Oak cross

My dads put together an Oak cross for a grave marker.Thing is, we can't decide on what to coat it with. It wants to be low maintainance, as the person who its for (not the one thats been buried, before the pedantic types say anything :) ) won't want to be giving it a lick of varnish every year. Whenever I've tried anything recommended by local stores I've always been disappointed. Some varnishes have had a tint to them, and spoilt the look of the wood, others started to peel after year or so.
Would linseed oil be any good? I've used it on an oak door many moons ago, but that wasn't in direct sunlight and fairly sheltered.
TIA
-- scrum
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If it was me, I'd put several coats of clear outdoor polyurethane on it and call it good.

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"scrumble" wrote:
> My dads put together an Oak cross for a grave marker.Thing is, we can't > decide on what to coat it with. It wants to be low maintainance, as the > person who its for (not the one thats been buried, before the pedantic > types say anything :) ) won't want to be giving it a lick of varnish every > year.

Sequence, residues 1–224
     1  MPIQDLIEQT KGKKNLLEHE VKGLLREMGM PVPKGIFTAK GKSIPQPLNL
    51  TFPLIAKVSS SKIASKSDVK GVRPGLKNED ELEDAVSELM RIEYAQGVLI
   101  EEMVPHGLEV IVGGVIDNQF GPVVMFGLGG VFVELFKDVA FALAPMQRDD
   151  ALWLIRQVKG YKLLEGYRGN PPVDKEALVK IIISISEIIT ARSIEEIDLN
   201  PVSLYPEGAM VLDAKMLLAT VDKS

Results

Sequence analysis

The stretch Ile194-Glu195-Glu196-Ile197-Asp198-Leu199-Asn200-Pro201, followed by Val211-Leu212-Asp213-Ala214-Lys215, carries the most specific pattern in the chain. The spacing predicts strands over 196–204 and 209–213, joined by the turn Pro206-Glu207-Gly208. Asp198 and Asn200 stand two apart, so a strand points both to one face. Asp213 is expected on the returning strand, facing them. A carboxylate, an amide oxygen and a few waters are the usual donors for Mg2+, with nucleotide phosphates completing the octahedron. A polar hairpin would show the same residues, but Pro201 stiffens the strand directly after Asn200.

<snip>
You can't get there from here.
If it's wood, it requires maintenance.
Even with good maintenance, it will steadily march toward compost.
Lew
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scrumble wrote:

The linseed oil (or any drying oil) would have to occasionally be reapplied. As would varnish, shellac or any tradional finish. If you want the longest space between origional application and reapplying, go with an exterior poly or an exterior (marine) epoxy.
ron
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Make sure you use white oak rather than red. It is much more weather resistant.
No finish will hold up. I would be inclined to leave it unfinished.
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Toller wrote:

White oak will weather to a nice, silver "driftwood" look that might be nice.
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I'd probably put copper or zinc sheathing caps over the end grain, and the post end of it would be slathered with epoxy (or hot bitumen). I presume the joinery is a half-lap, so you should make sure the end- grain of that joint is also well sealed. Good sharp cuts and well- pared end-grain helps too.
That, and making it out of chestnut rather than oak.
If you can keep oak dry, then it's good for a thousand years (literally - look at timber-framed buildings). Even if it gets wet, so long as it dries out afterwards you're OK. If you let moisture soak into the ennd grain and sit there, then 5 years tops.
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